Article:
For decades, the pre-employment drug test has been one of the most consistent parts of the hiring process. Many jobs demand that applicants submit to a drug test before they will provide a concrete job offer. Even places such as grocery stores and retail chains, where safety hazards on the job are relatively minor compared to transportation and manufacturing, demand these drug tests.
The goal has always ostensibly been to create a safer workplace where employees are less likely to be intoxicated on the job. However, since the dawn of the "war on drugs" during the Nixon Presidency, drug testing has also been seen as a means of social pressure against substance use and a deliberate barrier to keep drug users out of the workplace. Today, the social, political, and economic landscapes are vastly different from those of the 1970s. The result has been a sudden surge in one big question: why use employment drug screening in the first place?
The question has taken on pressing importance over the last decade because of a major change: attitudes towards cannabis have drastically changed. The majority of the United States now has some form of recreational or medical cannabis; the federal government plans to study re-scheduling cannabis and to change its legal status; and even very conservative states such as Kentucky have begun to open doors for cannabis use.
Testing for marijuana — and, more importantly, denying jobs based on a positive result for THC — is in a steep decline because of this change. That does not mean denials for cannabis don't continue. From Kentucky to many other states, governments have not protected cannabis users from adverse action taken by employers for positive drug tests. Others, such as New York, have deliberately barred employers from testing for cannabis.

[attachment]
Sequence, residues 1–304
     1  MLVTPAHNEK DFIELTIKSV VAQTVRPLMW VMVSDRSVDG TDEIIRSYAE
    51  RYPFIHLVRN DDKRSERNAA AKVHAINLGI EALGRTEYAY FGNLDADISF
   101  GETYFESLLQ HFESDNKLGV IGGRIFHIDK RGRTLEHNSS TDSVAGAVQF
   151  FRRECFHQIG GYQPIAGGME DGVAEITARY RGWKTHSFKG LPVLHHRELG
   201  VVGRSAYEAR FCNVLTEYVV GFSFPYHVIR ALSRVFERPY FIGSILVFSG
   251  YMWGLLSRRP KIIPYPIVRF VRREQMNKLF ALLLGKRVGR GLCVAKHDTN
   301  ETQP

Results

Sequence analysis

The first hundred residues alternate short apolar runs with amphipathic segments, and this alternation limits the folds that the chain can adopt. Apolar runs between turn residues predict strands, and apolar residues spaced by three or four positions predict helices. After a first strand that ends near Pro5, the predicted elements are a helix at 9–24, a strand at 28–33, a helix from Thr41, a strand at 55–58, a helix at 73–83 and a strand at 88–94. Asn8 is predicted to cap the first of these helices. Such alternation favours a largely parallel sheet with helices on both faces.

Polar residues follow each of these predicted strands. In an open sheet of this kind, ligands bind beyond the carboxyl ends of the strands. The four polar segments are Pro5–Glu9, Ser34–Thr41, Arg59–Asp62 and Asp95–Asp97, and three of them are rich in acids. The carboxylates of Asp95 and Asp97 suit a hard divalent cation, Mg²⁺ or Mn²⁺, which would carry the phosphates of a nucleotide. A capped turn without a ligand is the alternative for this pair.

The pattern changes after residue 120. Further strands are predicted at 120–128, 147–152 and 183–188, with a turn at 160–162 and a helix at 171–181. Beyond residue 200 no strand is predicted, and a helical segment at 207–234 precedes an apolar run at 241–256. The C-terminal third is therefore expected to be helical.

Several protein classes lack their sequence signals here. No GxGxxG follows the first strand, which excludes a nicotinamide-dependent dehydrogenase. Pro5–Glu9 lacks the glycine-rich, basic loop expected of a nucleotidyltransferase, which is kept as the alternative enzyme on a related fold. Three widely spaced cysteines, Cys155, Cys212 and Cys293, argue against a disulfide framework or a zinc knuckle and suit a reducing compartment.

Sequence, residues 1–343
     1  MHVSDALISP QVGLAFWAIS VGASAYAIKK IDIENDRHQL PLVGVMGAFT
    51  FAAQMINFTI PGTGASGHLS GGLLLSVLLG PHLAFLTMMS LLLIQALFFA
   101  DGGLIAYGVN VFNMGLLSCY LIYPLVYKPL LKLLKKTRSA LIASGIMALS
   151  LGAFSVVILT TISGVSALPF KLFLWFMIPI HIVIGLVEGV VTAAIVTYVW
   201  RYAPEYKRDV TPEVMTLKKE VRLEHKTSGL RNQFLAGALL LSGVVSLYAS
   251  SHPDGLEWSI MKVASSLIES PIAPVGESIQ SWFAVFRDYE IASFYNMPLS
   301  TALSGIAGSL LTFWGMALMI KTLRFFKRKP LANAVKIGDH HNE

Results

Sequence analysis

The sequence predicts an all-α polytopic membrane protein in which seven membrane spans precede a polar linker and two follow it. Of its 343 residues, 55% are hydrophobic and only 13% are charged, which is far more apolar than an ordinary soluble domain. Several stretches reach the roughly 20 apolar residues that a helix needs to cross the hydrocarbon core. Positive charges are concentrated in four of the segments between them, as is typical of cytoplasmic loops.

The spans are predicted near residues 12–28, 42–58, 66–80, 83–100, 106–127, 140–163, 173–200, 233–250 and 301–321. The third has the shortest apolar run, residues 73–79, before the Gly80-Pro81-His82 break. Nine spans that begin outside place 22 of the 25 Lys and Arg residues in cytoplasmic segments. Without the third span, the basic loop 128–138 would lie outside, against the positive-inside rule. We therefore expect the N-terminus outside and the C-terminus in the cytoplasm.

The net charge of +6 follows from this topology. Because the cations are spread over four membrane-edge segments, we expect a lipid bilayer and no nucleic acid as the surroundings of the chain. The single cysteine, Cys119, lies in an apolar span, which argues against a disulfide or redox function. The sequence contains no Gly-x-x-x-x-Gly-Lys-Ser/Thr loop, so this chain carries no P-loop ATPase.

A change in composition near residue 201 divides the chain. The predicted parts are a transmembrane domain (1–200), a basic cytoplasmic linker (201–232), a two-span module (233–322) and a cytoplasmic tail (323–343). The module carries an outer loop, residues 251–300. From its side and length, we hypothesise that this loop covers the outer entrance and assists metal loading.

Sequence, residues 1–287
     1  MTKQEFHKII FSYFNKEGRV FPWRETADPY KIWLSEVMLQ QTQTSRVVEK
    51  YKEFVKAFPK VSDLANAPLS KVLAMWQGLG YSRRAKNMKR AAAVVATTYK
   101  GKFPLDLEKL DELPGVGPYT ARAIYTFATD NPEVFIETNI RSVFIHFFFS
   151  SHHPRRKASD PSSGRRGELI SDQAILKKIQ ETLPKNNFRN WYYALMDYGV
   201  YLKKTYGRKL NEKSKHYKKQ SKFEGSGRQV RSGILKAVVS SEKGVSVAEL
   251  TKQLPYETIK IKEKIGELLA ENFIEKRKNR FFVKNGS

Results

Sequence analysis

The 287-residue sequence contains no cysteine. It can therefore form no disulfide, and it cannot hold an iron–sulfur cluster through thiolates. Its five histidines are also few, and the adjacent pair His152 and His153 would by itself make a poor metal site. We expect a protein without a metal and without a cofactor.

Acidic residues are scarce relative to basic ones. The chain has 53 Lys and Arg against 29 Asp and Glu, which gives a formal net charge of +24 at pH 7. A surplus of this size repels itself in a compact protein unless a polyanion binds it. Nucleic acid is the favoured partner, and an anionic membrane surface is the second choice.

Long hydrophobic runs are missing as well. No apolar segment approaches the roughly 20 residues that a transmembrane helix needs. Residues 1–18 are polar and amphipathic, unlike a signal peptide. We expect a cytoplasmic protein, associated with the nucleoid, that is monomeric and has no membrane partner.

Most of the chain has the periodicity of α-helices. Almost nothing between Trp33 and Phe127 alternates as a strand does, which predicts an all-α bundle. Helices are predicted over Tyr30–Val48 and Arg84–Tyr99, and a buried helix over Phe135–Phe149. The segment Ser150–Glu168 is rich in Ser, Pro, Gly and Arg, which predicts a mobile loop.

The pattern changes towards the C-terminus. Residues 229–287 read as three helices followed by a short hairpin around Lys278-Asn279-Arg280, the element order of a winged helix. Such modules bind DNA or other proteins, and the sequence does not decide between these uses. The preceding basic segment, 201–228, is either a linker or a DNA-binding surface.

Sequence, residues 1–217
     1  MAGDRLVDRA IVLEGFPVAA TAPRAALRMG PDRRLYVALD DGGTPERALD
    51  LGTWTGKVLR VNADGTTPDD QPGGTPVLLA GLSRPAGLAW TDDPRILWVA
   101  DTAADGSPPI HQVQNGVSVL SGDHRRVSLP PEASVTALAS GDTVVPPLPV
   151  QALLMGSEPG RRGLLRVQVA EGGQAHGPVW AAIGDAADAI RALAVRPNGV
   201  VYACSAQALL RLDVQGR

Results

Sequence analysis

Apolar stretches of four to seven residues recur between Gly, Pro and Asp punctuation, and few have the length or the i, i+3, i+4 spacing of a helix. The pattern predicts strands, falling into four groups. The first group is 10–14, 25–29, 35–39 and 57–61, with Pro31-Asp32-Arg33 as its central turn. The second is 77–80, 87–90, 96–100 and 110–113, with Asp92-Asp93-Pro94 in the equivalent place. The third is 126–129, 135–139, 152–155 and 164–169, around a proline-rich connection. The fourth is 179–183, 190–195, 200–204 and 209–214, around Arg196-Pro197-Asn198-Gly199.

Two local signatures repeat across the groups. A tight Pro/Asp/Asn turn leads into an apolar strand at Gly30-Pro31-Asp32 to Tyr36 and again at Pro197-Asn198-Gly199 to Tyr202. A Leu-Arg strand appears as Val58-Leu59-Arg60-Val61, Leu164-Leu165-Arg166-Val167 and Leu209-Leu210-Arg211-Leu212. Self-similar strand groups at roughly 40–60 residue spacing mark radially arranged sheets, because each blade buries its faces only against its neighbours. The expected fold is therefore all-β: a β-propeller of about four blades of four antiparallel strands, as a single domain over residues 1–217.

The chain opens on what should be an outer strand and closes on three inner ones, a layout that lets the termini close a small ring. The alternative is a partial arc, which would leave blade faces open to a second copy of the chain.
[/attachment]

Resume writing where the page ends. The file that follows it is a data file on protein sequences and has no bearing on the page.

The reality is that a positive THC result offers very little useful or concrete information. THC positives can reflect a single usage of cannabis from weeks ago. There is no test that can indicate someone is actively impaired from this or any other non-alcohol drug. Moreover, there is little evidence to indicate that a positive THC test has any bearing on an individual's ability to work safely. Because of these changes, many businesses have simply ignored THC positives.
So, does that mean that workplace drug screening is irrelevant today? Hardly — and not just because regulated industries such as transit must screen employees by law. Drug test panels still provide information on other "hard" drugs, including cocaine, methamphetamine, and opiates. Although cannabis has broadly accepted medical uses and many have even embraced recreational use, the same is not true for other substances.
For employers, drug screening requires a careful balancing act between fairness and openness and individual business priorities. A habitual opiate user can pose much more of a risk to a business than a regular cannabis user. Ultimately, companies must carefully evaluate their personnel priorities and choose a path forward that balances ongoing social change with the need for safe, reliable, and trustworthy workers.
About Michael Klazema The author
Michael Klazema is the lead author and editor for Dallas-based backgroundchecks.com with a focus on human resource and employment screening developments